At the far end of the bridge is Deception Pass State Park. To park here, you’d have to pay $10/day (if you don’t have a Discovery Pass). But since we’d parked on the other side, we cheerfully walked through the parking area, used the restrooms, and returned to the bridge. An underpass takes you over to the other side, and there are quite a number of trails you could take either up mountains or down to the shore. We didn’t have time for the trails, so maybe some other day.
We headed back across the bridge, but went down on Pass Island. The viewpoint is nice, but if you leave it to walk on some of the many social trails, the view of the span over Deception Pass becomes so much better. Too bad we were sort of short on time by this point – it would have been fun to explore Pass Island a bit more!
Cross back over to go up the western stairs, then recross the span over Canoe Pass. I’m not sure I’d go hundreds of miles out of my way for this, but it certainly was fun to cross the bridges…and certainly worth stopping for if you’re in the area!
Round Trip Length: We hiked about 1.5 miles
Net Elevation Change: Negligible. You’re around 160 ft. most of the way.
Facilities: Restrooms on the south end of the bridge
Fees: None on the north side of the bridge; $10/day or Discovery Pass on the south side of the bridge.
Would I go 100 miles out of my way for this?
Key GPS Coordinates for Deception Pass Bridge
Beginning of Parking Area: 48.41038N / -122.64822W (48° 24′ 37.368″ / -122° 38′ 53.5914″) (162ft.)
Bridge #1 (over Canoe Pass): 48.40857N / -122.64503W (48° 24′ 30.8514″ / -122° 38′ 42.108″) (183ft.)
Bridge #2 (over Deception Pass): 48.40623N / -122.64458W (48° 24′ 22.428″ / -122° 38′ 40.488″) (162ft.)
Island Overlook: 48.40766N / -122.64418W (48° 24′ 27.5754″ / -122° 38′ 39.048″) (164ft.)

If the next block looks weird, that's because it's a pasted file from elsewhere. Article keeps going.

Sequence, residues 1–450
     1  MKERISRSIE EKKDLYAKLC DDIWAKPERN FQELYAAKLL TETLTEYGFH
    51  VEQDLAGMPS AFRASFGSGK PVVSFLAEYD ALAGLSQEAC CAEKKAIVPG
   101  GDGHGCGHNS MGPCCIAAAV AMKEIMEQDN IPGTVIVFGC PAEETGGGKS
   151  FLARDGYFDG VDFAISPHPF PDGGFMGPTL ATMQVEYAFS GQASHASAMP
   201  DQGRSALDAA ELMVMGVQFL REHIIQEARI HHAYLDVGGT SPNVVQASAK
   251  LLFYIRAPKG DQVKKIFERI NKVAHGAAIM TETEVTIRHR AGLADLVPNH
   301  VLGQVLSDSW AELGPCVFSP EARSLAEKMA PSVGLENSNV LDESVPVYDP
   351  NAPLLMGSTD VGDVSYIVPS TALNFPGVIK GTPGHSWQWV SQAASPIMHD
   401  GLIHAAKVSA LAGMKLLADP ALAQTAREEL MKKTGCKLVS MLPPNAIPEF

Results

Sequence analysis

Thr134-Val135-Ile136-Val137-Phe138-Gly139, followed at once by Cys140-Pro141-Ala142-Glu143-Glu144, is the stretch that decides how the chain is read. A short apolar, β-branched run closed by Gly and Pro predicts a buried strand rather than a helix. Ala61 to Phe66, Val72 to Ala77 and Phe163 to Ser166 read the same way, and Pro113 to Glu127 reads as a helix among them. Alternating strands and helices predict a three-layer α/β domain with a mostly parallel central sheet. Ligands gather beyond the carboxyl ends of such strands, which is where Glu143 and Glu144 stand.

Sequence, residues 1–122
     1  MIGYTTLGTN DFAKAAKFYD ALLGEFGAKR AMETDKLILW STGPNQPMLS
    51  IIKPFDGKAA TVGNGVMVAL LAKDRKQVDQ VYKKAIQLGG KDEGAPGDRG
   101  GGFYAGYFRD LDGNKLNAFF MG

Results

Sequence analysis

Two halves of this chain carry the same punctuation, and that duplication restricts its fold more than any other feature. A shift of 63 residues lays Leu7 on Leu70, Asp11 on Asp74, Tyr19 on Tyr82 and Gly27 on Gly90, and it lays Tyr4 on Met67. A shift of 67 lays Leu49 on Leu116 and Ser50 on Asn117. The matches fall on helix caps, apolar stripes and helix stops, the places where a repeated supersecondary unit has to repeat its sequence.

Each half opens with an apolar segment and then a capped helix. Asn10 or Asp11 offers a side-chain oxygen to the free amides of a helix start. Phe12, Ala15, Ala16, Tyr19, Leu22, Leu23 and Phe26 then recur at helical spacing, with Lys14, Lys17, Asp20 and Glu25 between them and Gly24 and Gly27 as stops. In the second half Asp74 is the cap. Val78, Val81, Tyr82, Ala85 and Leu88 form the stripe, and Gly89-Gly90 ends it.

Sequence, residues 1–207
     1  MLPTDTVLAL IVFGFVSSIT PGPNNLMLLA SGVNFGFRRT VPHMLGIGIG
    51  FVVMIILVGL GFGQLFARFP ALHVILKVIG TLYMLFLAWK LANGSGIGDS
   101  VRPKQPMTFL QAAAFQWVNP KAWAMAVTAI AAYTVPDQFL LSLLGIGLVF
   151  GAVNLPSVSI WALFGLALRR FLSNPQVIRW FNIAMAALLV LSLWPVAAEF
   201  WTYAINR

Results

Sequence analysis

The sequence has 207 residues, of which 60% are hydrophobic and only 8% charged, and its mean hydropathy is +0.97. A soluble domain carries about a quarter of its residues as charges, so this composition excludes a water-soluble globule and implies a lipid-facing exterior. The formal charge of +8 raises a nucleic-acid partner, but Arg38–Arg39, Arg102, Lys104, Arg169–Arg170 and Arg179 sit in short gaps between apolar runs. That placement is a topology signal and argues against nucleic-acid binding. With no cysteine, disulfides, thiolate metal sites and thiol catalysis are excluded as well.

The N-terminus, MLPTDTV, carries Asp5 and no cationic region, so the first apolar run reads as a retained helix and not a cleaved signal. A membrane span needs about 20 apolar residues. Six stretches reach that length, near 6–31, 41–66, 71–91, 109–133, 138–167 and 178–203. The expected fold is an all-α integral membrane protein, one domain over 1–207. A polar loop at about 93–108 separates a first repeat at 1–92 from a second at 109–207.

Restrooms: 48.40436N / -122.64492W (48° 24′ 15.6954″ / -122° 38′ 41.7114″)
The gpx file for the Deception Pass Bridge can be downloaded – please note that this and the GPS Coordinates are for reference only and should not be used as a sole resource when hiking this trail.
Download GPX File size: 37.6 KB Downloaded 22 times
(Note: I do my best to ensure that all downloads, the webpage, etc. are virus-free and accurate; however, I cannot be held responsible for any damage that might result, including but not limited to loss of data, damages to hardware, harm to users, from use of files, information, etc. from this website. Thanks!)
Getting to the Deception Pass Bridge
From the North: Take I-5 to Burlington, WA; take Exit 230 and turn onto WA-20 W. After about 11.5 miles, turn left to stay on WA-20 W and drive another 5.8 miles. Park in the spaces provided along the side of the road.
From the South: From Oak Harbor, drive about 10 miles north on WA-20 E. Cross the bridge, then park in the spaces provided by the side of the road. Note: to get to Oak Harbor, you’ll have to take a ferry to the peninsula. Cool!
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Fri Jul 21
Cloudy. Lows overnight in the upper 50s.
Sat Jul 22
Partly cloudy skies. High 69F. SSE winds shifting to WNW at 10 to 15 mph.
Sun Jul 23
Partly cloudy skies. High 68F. Winds WNW at 5 to 10 mph.
Mon Jul 24
A mainly sunny sky. High 69F. Winds WNW at 5 to 10 mph.
Tue Jul 25
Sunny. High 68F. Winds W at 10 to 20 mph.